Diagnostic Testing is helpful in ruling out concurrent pathology and formulating an appropriate treatment plan. Routine testing should include a urinalysis and culture to rule out coexisting urinary tract infection, electrolyte panel to evaluate renal function, and complete blood cell count to rule out systemic infection. Cystoscopy should be performed to visualize the fistulous tract, assess location of the fistula in relation to the ureters and trigone, assure bilateral ureteral patency, and exclude foreign body or suture placement in the bladder. In patients with a history of uro-genital malignancy, a biopsy of the fistula tract and urine cytology is warranted. Radiologic studies are recommended prior to surgical repair of a vesico-vaginal fistula to fully assess the fistula and exclude the presence of multiple fistulas. An intravenous pyelogram is recommended to exclude concurrent uretero-vaginal fistula or ureteral obstruction. A targeted fistulogram may be indicated if conservative therapy including expectant management, continuous bladder drainage, fulguration, or fibrin occlusion therapy is to be recommended.
Symptomatic vesico-vaginal fistula merits appropriate treatment as spontaneous closure is uncommon. Appropriate treatment will depend on various factors including size and location of the fistula, timing from the antecedent event, and severity of symptoms, quality of surrounding tissue, and clinician experience and surgical skills.
A small number of fistulas may heal following prolonged bladder drainage thru a transurethral or suprapubic catheter if diagnosed within the first few days of surgery. Zimmern has recommended a conservative approach to small fistulas if the patient's complaints of urinary incontinence are resolved with insertion of a Foley catheter. In this case, bladder drainage is continued for three weeks and the fistula is then reevaluated. If the fistula has diminished in size, a trial of continued catheter drainage for an additional three weeks is beneficial with a high rate as spontaneous closure. If there is no change, the fistula is unlikely to resolve spontaneously. (4) Most authors report variable success ranging from 2-80% with treatment of vesico-vaginal fistula using chronic bladder drainage, and there is increased chance of success if the fistula is diagnosed within seven days of index surgery, is less than 1 cm in size, is simple without associated carcinoma or radiation, and is subject to at least four weeks of constant bladder drainage. Persistent, large, or complex fistulas are best treated with surgical intervention.
Although the basic principles of fistula closure (mobilization of tissue, good vascular supply, and non-opposing tissue lines) remain the same, there have been several recent advances in the treatment of vesico-vaginal fistula with respect to timing of repair and surgical technique. General principles of surgical repair of vesico-vaginal fistula include adequate exposure, good hemostasis, wide mobilization of the bladder and vagina, resection of devascularized tissue and removal of foreign body, tension free closure, non-opposition of suture lines, and confirmation of a water tight seal on bladder closure, and postoperative bladder drainage for 10-14 days.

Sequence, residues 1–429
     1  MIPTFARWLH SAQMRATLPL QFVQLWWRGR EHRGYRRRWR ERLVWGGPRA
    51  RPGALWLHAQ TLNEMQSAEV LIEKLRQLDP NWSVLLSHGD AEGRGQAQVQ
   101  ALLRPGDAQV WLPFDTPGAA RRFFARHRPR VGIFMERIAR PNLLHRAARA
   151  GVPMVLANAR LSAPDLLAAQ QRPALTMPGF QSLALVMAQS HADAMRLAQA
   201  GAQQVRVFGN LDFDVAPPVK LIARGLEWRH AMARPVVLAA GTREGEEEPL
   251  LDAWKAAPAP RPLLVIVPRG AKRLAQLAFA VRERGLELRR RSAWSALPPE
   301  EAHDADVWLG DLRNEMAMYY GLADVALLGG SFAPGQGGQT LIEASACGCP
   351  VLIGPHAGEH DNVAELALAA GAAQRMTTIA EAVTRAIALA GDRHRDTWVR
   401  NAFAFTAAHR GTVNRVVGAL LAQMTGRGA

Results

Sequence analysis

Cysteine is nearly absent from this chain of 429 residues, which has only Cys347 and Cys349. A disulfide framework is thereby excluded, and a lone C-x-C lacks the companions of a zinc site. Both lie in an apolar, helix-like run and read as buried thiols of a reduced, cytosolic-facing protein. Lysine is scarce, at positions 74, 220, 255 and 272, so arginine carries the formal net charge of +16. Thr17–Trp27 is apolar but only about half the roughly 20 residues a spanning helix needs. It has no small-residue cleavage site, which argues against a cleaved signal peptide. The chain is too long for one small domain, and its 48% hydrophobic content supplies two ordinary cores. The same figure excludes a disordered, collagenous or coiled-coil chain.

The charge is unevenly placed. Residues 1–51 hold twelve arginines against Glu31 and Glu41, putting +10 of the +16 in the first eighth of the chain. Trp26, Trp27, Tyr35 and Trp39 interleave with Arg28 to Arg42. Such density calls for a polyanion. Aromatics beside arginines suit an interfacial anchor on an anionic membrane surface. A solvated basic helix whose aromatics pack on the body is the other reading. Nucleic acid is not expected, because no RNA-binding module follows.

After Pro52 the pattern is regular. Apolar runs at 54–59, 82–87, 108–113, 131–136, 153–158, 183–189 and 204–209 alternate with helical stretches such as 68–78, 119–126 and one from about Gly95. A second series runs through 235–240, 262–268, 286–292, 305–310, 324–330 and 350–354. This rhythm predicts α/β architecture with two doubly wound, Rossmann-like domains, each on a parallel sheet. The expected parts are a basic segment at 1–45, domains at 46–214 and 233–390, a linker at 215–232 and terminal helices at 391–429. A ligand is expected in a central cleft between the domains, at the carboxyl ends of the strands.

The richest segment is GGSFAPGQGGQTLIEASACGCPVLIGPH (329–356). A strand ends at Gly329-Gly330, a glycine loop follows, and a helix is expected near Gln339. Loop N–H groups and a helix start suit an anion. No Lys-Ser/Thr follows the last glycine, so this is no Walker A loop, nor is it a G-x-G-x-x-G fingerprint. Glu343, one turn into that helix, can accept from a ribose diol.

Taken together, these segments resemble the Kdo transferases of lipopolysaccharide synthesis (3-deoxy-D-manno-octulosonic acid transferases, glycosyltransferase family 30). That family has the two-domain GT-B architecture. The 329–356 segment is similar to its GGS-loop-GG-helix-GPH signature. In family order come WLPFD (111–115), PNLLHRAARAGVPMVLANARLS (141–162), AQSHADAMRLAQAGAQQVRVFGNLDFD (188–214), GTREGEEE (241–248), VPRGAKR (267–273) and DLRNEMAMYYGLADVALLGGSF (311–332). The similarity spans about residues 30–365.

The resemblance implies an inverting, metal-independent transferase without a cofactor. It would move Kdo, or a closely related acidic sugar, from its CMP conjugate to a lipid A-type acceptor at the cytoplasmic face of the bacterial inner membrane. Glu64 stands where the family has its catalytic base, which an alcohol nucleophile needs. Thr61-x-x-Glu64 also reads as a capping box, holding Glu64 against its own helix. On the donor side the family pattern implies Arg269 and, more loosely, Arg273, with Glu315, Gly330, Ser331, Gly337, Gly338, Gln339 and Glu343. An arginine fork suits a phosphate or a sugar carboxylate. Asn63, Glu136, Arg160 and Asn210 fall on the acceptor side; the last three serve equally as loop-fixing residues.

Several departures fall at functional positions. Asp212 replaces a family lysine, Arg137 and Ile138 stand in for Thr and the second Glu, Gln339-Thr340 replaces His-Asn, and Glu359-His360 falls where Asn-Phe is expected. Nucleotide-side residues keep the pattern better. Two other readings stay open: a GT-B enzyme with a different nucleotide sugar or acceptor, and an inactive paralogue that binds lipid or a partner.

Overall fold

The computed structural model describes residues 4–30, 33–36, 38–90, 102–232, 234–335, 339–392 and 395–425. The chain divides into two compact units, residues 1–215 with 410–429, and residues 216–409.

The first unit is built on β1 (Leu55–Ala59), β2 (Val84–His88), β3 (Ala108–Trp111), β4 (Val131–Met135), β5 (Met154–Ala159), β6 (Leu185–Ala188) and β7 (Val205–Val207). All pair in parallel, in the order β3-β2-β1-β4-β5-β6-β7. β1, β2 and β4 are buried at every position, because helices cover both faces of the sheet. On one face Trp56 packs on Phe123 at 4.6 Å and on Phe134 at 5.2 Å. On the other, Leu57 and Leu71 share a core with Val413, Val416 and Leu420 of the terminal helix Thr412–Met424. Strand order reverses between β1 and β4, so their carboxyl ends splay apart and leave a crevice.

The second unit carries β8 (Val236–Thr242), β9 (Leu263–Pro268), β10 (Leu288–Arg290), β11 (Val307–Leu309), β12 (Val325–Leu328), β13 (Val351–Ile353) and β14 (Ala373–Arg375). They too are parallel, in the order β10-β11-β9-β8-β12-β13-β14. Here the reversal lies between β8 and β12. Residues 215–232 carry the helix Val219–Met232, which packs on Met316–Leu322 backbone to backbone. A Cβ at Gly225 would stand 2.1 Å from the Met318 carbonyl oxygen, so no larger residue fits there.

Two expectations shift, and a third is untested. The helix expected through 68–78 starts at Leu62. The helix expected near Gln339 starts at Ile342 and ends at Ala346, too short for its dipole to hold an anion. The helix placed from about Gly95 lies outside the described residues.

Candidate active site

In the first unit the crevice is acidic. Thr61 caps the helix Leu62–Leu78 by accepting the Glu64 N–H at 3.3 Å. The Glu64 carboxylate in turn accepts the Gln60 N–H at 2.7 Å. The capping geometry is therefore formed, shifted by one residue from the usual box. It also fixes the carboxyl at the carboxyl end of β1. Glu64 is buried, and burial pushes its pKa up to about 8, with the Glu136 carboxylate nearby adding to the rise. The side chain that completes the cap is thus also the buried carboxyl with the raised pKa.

Timing of the fistula repair has been controversial and this can be a difficult dilemma for the physician and patient alike. Traditionally, an interval of 3 months has been recommended between the fistula repair and index surgery and up to 1 year in cases of radiation induced fistula. There is little data to support these recommendation and most experts currently recommended an individualized approach to each patient, delaying the surgery until surrounding tissue inflammation and infection have resolved or been treated. Use of estrogen, antibiotic, and/or steroids to facilitate healing during this period has been recommended. (5) Several authors have reported comparable success with early and late surgical repair of surgery induced fistulas based on these principles. (6) (7) (8)
Most vesico-vaginal fistulas can be surgically corrected using a vaginal approach. Traditionally, a Latzko partial colpocliesis or fistulectomy with flap splitting closure have been advocated. There is a continued debate whether resection of the fistulous tract is necessary. Advocates of the conservative approach feel that wide resection of the tract increases the size of the fistula and subsequent risk of recurrence. In addition, the surrounding fibrous tissue may reinforce the fistula repair. Proponents of fistulectomy counter that resection of the fistula and exposure of healthy tissue optimizes wound healing and improves surgical success rates. Various authors have reported equally high success rates would both techniques. (9) (10)
The Latzko partial colpocliesis, first reported in 1942, (11) continues to be a commonly performed vaginal procedure for the treatment of vesico-vaginal fistulas associated with success rates of 90-100%. Advantages of this procedure include short operative time, low inter- and postoperative morbidity, and low risk of ureteral injury. After identification of the fistulous tract, a circumferential incision is made in the vagina approximately 2 cm from the fistulous tract. The vagina is mobilized and then closed over the fistulous tract with delayed absorbable suture in double layer without disturbing the bladder mucosa. The vaginal mucosa is then closed, completing the repair.
Alternatively fistulectomy with a flap splitting closure begins with resection of the fistulous tract to expose healthy tissue at the wound margins. The defect is then closed in a multilayer fashion beginning with the bladder mucosa, bladder serosa, pubo-cervical fascia, and vaginal mucosa. Care should be taken to avoid tension on suture lines and a fascial flap is created to prevent opposition of the incision planes and reduce risk of recurrence. Cystoscopy should be done prior to and following the procedure to exclude ureteral compromise. In cases with high risk of recurrence such as complex or large fistula, a Martius fat pad graft should be interposed between the layered closure to promote vascularization and reduce risk of recurrence. (12) Placement of a cadaveric biomaterial graft has also been reported, reducing the need for complicated flap procedures. (13)